Polis noted the transportation bill received bipartisan support across the state, despite winning just one Republican vote inside the State Capitol, from Sen. Kevin Priola of Henderson.
Once all fees take effect next year, the impact will vary widely. Bill sponsors said their analysis showed the average consumer in the first full year would pay about $28 extra, a figure that will rise as the fees rise with inflation or on set schedules. The gas fee will rise to 8 cents per gallon by mid-2028.
The bill wasn’t entirely about hiking fees. Polis also pushed for temporary relief from vehicle registration fees for all motorists, and Colorado’s annual registration fees, which are high compared to many states, dropped by $11.10 this year and next year.
“So it depends on people’s usage” of affected services, Polis said. “Again, if you own two or three cars and you’re saving $30, $40 on your vehicle registration fees — you know, if half of that goes back through deliveries, you’re still saving money.”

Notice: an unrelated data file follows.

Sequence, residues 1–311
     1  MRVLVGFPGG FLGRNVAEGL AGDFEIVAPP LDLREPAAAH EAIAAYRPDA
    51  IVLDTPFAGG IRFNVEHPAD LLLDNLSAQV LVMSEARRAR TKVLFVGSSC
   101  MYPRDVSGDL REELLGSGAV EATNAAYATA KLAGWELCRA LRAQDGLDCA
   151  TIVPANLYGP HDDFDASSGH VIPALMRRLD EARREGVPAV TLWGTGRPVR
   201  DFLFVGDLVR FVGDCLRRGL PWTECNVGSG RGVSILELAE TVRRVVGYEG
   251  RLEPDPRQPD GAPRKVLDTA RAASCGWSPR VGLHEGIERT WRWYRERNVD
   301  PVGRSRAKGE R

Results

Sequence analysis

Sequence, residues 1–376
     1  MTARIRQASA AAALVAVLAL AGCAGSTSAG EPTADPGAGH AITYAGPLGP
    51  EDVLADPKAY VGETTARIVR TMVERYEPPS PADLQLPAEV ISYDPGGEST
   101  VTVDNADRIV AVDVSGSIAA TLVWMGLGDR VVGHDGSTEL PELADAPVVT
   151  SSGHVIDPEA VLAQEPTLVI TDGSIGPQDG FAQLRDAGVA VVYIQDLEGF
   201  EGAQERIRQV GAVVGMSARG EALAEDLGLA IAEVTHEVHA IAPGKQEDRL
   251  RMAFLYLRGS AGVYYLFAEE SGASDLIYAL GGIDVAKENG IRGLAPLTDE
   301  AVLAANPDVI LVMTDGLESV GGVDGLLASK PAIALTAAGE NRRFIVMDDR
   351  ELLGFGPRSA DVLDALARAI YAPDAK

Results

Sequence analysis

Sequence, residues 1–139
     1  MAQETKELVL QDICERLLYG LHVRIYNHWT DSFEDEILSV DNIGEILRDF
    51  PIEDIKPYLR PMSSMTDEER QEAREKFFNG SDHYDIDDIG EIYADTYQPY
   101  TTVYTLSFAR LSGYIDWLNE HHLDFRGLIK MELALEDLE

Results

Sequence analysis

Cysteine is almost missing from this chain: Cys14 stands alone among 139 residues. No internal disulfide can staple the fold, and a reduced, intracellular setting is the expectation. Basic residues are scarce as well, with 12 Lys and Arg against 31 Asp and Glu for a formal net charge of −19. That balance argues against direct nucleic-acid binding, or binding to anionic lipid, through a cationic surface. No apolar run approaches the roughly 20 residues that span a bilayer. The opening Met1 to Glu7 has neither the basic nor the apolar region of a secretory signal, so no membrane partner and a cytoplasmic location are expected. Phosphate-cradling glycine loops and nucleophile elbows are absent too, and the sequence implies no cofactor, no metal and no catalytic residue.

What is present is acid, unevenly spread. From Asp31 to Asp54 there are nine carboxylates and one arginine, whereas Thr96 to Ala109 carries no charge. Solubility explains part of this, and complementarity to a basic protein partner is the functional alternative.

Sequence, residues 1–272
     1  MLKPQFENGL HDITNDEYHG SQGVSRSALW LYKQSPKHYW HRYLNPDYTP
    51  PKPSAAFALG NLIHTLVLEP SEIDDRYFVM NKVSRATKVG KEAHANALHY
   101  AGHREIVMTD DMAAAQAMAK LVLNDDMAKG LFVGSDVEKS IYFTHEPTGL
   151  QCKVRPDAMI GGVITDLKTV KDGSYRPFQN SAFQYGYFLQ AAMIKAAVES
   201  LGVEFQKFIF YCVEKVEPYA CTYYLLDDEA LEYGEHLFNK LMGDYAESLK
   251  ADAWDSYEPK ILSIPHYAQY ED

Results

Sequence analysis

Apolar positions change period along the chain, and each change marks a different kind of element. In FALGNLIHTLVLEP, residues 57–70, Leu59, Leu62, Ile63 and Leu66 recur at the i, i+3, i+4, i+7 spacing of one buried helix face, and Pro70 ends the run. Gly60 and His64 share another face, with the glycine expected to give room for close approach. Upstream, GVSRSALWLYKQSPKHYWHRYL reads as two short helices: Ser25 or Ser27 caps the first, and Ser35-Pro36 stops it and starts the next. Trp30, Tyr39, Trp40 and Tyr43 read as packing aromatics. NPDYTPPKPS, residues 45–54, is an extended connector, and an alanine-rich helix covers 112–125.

State’s plans begin taking shape
State officials in CDOT, the Colorado Department of Public Health and Environment, and the Colorado Energy Office have spent recent months setting up the four new enterprises, including convening new boards to oversee them.
Three are focused on different aspects of supporting electric vehicle adoption and charging infrastructure, and one will focus on pollution-reduction strategies for metro Denver and the northern Front Range. A fifth enterprise, CDOT’s long-standing Bridge and Tunnel Enterprise, has been expanded to add upkeep of highway tunnels to its mission.
All have formally adopted the fees authorized by SB-260. They’ve also worked out 10-year plans that shed light on how they’ll begin spending the fee collections as they roll in.
“The goal of all these enterprises is really to reduce and mitigate adverse greenhouse gas and environmental and health impacts on people,” said Kelly, CDOT’s innovative mobility chief. “And the enterprises are giving us funding to help transition our transportation sector to cleaner technologies.”
The delayed gas fees will go most directly to road projects at the state and local levels, along with “multimodal” initiatives that support transit and other alternatives to driving. Other fees — especially the delivery fee and the ride-hailing fee — will go predominantly to the enterprises for more specific purposes.
Under SB-260, the state estimates the following enterprise fee allocations in the first decade:
- $134 million will go to the smallest enterprise, called the Clean Transit Enterprise. It’s aimed at helping public transit agencies across the state establish plans and upgrade their buses to electric vehicles, including dealing with the costs and charging needs.